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jflures

Thanks Tackleunderground

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I came to write this article after deciding to try my hand at making some crankbaits of my own. I wanted something no one else had. So I rounded up the materials I thought I would need: a few pieces of basswood, a piece of lexan, some screw eyes, and a few simple tools. I now had a pile of materials and no idea where to start. That's when I found Tackleunderground.

I spent the next few days reading thread after thread. I was amazed at all the great tackle makers out there and how willing they were to give out their expertise. I was now filled with more questions than ever. Do I even have the skills to make a bait? What style bait do I want to try? Rattles or no rattles? What color? and the list went on. I decided that I had to at least give it a try. A four inch shallow running minnow bait with no rattles and a black and silver shad style paint job. Sounds easy enough.

So I was off and running like a heard of turtles. I made a pattern out of an old cereal box (I prefer Cheerios), traced the pattern onto the basswood block and began to cut it out. I don't have a band or scroll saw, so a coping saw did the trick. Now on to the shaping of the bait, my Dremel tool and some 150 grit sand paper did the trick. I was amazed how easy it was to get the desired shape. I now thought how do I cut the slot for the bill? So I was back to Tackleunderground. After reading a few posts I realized I should have done this prior to shaping. Now what? Do I start over or try to cut the notch on a round surface. I chose the latter, needless to say it didn't turn out so well. I was now back to square one ( the turtles had now passed me by). I managed to get another bait cut out with the notch. The shaping went well and I now had a bait ready for a bill.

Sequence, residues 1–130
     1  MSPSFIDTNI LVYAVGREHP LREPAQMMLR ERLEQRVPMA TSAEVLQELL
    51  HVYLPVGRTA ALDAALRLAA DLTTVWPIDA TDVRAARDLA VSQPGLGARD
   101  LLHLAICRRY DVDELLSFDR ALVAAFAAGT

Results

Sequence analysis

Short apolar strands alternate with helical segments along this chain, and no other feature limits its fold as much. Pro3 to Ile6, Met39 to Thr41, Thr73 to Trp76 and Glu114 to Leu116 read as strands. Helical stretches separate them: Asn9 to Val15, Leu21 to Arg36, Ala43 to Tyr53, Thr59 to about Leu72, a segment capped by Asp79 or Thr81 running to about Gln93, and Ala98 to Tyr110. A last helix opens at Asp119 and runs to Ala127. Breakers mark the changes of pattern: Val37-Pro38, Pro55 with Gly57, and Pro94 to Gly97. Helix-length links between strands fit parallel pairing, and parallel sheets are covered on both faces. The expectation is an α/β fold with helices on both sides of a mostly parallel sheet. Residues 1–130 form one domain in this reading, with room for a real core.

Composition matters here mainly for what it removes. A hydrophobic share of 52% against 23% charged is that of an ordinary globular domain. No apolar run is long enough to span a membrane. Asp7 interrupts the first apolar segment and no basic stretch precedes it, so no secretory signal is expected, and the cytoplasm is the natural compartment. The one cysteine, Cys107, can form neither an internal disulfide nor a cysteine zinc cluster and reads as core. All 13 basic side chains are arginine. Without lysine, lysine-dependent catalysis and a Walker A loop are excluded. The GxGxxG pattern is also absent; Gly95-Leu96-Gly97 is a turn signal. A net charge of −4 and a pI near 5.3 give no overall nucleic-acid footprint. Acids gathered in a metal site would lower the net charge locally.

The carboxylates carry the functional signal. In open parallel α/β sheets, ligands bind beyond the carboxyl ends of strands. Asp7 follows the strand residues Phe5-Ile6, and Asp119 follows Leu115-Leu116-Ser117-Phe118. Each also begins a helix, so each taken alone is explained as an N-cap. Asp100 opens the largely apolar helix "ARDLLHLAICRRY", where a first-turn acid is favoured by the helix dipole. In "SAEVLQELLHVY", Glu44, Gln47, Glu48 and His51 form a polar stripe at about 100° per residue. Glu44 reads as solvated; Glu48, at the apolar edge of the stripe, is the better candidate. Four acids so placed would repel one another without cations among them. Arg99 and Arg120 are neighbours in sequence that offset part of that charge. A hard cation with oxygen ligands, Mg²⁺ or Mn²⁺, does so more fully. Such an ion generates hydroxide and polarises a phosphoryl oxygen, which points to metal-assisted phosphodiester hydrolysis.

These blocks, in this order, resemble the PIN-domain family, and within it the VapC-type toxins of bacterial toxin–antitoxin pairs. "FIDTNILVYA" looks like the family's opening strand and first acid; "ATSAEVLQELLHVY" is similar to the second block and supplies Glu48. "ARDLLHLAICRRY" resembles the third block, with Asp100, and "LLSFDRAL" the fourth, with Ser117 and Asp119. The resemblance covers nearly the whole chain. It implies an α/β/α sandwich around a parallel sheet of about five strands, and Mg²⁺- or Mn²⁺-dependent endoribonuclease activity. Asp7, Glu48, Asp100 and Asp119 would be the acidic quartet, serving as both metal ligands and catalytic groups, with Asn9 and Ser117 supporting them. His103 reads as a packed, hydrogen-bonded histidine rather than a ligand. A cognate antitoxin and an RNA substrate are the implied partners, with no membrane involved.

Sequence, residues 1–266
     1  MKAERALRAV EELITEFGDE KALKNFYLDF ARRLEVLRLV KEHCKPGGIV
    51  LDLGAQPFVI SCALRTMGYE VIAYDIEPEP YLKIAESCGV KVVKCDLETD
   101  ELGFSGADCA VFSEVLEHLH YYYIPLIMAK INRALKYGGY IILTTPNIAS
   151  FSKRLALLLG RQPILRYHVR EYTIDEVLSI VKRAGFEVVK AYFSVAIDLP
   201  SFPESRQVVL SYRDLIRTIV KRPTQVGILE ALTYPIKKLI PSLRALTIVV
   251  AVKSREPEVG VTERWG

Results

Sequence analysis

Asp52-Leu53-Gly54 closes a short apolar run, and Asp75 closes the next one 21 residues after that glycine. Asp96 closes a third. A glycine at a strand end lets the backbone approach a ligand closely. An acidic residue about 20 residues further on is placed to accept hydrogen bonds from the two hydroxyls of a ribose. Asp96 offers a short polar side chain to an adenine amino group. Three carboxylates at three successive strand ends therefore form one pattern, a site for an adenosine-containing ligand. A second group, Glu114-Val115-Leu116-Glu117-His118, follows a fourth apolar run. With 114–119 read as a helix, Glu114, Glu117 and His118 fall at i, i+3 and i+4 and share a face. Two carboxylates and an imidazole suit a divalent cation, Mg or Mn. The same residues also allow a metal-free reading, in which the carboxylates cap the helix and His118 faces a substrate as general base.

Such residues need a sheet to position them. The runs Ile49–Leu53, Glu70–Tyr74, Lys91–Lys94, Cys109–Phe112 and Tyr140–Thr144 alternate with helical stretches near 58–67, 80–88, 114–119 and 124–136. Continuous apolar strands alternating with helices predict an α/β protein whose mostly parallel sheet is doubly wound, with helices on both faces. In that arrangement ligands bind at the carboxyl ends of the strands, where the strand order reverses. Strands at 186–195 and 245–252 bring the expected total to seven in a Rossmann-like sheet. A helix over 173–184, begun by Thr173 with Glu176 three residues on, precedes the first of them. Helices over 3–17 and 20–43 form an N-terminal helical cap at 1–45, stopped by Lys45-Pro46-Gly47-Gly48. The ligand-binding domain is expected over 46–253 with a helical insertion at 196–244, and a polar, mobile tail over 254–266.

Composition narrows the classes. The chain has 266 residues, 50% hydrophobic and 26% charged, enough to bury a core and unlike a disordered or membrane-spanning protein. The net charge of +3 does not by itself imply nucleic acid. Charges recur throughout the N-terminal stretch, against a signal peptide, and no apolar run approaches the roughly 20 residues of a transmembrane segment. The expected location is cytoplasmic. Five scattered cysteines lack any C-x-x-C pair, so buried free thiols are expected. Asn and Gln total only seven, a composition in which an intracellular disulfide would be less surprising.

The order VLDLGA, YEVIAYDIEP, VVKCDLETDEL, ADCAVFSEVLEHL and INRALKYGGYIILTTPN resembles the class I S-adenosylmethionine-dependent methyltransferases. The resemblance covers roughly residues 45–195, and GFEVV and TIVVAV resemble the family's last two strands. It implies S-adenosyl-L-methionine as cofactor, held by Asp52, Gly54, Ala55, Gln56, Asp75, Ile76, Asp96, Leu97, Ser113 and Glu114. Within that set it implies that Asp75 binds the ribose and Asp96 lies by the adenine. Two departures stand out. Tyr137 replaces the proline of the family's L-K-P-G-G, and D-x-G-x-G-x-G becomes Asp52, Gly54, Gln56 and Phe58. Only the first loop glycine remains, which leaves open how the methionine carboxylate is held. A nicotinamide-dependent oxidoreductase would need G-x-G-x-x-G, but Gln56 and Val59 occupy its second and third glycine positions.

The bill shaping was another animal to tackle. How would I do this? What shape? So back to Tackleunderground. Again after reading a few posts I was able to come up with a plan of attack. I made another pattern and traced it onto the lexan. I used my coping saw to cut out a rough shape. Next I shaped the bill with my Dremel and wow how easy that was. I was now ready to attach the bill to the bait. I mixed up a small amount of epoxy and placed the bill in the slot. A little eyeballing and it was straight. Now I had to wait for the epoxy to set-up. This was the best part of bait making, I sat back with my favorite adult beverage and watched glue dry. Next, I attached the screw eyes with a little more epoxy. The bait was ready for paint.

Since I am definitly not an artistthe first step of painting was to go Tackleunderground. I read many posts on painting baits. I thought I had a bunch of questions before, but that was nothing compared to what I have now. What kind of paint? What primer? What clear coat? I decided on createx for paint and primer. I primed the bait with two coats of white. Next the silver,started on the back and faded to white on the belly. A little black over the back, and now it was starting to look like a real lure. I added some gills with red, and eyes with white and black. The painting was done. It was not as elaborate as most of the baits on Tackleunderground, but it worked for me.

Last but not least it was on to clear coat. I had read that Devco 2 ton epoxy was the clear coat of choice. I don't have a turner. So a little research and I found a jig and lure finish in Jannsnetcraft. It is a one part epoxy that brushes on smooth (no brush marks). After a few coats of the finish, the bait was done. All that was left was to add split rings and hooks.

I could not have done this with the help or Tackleunderground. I want to say thanks to all of you for posting on this site. I have learned a lot and now have an addiction. I have made more baits over the winter and found that with the more I make the faster it goes ( I am now just out in front of the turtles) Keep up the awesome work, and thanks again.

Jason

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